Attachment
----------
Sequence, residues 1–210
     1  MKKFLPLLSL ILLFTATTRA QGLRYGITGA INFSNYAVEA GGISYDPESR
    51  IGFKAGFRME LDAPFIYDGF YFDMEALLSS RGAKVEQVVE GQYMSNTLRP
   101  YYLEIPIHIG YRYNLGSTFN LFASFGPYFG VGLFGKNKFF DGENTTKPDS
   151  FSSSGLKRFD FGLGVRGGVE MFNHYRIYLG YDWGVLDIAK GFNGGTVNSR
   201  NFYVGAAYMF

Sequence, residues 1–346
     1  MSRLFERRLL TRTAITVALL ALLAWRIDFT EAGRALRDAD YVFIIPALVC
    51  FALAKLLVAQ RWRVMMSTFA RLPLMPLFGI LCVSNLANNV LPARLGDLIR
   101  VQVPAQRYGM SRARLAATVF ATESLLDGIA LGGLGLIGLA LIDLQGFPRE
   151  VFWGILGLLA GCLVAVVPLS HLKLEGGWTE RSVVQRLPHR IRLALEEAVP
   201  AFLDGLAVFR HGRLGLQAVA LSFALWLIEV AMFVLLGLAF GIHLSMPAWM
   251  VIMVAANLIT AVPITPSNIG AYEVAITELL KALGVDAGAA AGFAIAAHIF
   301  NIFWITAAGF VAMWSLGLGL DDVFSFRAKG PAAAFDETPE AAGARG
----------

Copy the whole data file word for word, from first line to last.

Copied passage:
Sequence, residues 1–210
     1  MKKFLPLLSL ILLFTATTRA QGLRYGITGA INFSNYAVEA GGISYDPESR
    51  IGFKAGFRME LDAPFIYDGF YFDMEALLSS RGAKVEQVVE GQYMSNTLRP
   101  YYLEIPIHIG YRYNLGSTFN LFASFGPYFG VGLFGKNKFF DGENTTKPDS
   151  FSSSGLKRFD FGLGVRGGVE MFNHYRIYLG YDWGVLDIAK GFNGGTVNSR
   201  NFYVGAAYMF

Sequence, residues 1–346
     1  MSRLFERRLL TRTAITVALL ALLAWRIDFT EAGRALRDAD YVFIIPALVC
    51  FALAKLLVAQ RWRVMMSTFA RLPLMPLFGI LCVSNLANNV LPARLGDLIR
   101  VQVPAQRYGM SRARLAATVF ATESLLDGIA LGGLGLIGLA LIDLQGFPRE
   151  VFWGILGLLA GCLVAVVPLS HLKLEGGWTE RSVVQRLPHR IRLALEEAVP
   201  AFLDGLAVFR HGRLGLQAVA LSFALWLIEV AMFVLLGLAF GIHLSMPAWM
   251  VIMVAANLIT AVPITPSNIG AYEVAITELL KALGVDAGAA AGFAIAAHIF
   301  NIFWITAAGF VAMWSLGLGL DDVFSFRAKG PAAAFDETPE AAGARG